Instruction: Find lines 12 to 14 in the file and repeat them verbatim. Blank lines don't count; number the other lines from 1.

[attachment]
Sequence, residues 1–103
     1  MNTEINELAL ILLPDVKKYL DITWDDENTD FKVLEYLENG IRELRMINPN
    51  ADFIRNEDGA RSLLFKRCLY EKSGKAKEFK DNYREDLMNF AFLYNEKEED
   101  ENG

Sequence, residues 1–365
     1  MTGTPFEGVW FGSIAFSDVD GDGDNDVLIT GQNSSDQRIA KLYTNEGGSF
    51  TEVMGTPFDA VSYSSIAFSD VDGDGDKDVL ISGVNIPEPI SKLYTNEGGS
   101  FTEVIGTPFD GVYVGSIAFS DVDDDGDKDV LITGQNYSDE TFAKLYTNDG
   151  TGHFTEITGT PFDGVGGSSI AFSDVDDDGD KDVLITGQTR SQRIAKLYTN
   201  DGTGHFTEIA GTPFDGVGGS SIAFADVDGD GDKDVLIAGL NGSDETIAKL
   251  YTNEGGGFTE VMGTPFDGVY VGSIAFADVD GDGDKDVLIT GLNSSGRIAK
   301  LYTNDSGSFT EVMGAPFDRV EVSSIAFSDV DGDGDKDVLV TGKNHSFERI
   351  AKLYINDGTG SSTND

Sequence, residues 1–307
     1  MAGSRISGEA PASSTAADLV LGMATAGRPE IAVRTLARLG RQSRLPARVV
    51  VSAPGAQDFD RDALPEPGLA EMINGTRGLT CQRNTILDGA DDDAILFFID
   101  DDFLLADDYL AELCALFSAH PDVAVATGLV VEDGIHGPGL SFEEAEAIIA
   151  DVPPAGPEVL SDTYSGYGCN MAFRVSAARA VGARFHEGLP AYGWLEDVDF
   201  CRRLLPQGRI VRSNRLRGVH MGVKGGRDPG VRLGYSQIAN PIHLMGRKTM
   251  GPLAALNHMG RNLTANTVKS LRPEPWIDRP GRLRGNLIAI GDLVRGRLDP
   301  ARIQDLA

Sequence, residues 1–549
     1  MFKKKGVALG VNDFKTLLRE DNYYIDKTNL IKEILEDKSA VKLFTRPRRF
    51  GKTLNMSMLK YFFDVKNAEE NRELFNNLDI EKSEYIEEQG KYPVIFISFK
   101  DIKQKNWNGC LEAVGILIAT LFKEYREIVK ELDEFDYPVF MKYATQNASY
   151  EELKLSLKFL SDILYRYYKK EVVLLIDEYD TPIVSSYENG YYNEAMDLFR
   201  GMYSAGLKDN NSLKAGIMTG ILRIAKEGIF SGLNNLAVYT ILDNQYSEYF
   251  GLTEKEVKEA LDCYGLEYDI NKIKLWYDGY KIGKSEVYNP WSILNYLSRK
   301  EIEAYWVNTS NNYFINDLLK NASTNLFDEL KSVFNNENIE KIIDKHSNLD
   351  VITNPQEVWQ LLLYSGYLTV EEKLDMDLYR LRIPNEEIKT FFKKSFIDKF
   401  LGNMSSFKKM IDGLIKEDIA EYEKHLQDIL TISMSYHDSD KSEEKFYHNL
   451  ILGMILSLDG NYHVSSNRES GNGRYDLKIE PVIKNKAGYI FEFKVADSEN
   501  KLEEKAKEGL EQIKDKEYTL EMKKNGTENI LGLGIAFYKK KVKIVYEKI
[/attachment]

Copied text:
   301  LYTNDSGSFT EVMGAPFDRV EVSSIAFSDV DGDGDKDVLV TGKNHSFERI
   351  AKLYINDGTG SSTND

Sequence, residues 1–307